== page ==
BACKGROUND: Combining tDCS with robotic therapy is a new and promising form of neurorehabilitation after stroke, however the effectiveness of this approach is likely to be influenced by the relative timing of the brain stimulation and the therapy. OBJECTIVE: To measure the kinematic and neurophysiological effects of delivering tDCS before, during and after a single session of robotic motor practice (wrist extension). METHODS: We used a within-subjects repeated-measurement design in 12 chronic (>6 months) stroke survivors. Twenty minutes of anodal tDCS was delivered to the affected hemisphere before, during, or after a 20-minute session of robotic practice. Sham tDCS was also applied during motor practice. Robotic motor performance and corticomotor excitability, assessed through transcranial magnetic stimulation (TMS), were evaluated pre- and post-intervention. RESULTS: Movement speed was increased after motor training (sham tDCS) by ∼20%. Movement smoothness was improved when tDCS was delivered before motor practice (∼15%). TDCS delivered during practice did not offer any benefit, whereas it reduced speed when delivered after practice (∼10%). MEPs were present in ∼50% of patients at baseline; in these subjects motor practice increased corticomotor excitability to the trained muscle. CONCLUSIONS: In a cohort of stroke survivors, motor performance kinematics improved when tDCS was delivered prior to robotic training, but not when delivered during or after training. The temporal relationship between non-invasive brain stimulation and neurorehabilitation is important in determining the efficacy and outcome of this combined therapy. © 2013 - IOS Press and the authors. All rights reserved.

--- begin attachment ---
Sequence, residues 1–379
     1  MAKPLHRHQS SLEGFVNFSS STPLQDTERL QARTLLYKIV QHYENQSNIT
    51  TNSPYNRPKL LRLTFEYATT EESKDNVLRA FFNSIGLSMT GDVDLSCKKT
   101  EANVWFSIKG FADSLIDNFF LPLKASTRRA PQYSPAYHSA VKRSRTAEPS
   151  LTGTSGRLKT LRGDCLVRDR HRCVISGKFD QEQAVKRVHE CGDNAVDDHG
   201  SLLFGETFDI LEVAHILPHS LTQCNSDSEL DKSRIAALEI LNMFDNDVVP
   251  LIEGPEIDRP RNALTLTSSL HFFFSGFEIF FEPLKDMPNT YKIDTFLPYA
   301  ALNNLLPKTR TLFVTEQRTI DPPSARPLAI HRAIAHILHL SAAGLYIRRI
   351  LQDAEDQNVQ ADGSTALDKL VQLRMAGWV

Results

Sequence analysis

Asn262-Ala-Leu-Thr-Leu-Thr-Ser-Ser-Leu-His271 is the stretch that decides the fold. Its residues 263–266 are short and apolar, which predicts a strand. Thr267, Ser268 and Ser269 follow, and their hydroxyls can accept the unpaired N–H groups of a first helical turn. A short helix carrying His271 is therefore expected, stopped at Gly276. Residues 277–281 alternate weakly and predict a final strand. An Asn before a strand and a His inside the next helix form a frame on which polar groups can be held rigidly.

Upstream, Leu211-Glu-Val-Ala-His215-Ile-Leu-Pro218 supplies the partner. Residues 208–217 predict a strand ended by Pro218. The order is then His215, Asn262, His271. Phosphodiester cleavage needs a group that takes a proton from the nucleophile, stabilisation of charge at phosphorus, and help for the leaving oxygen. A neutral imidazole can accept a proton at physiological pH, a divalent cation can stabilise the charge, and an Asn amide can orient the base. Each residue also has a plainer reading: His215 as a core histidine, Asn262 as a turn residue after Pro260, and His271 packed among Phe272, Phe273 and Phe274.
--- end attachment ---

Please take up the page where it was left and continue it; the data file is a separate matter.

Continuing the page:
|Publication status||Published - 2013|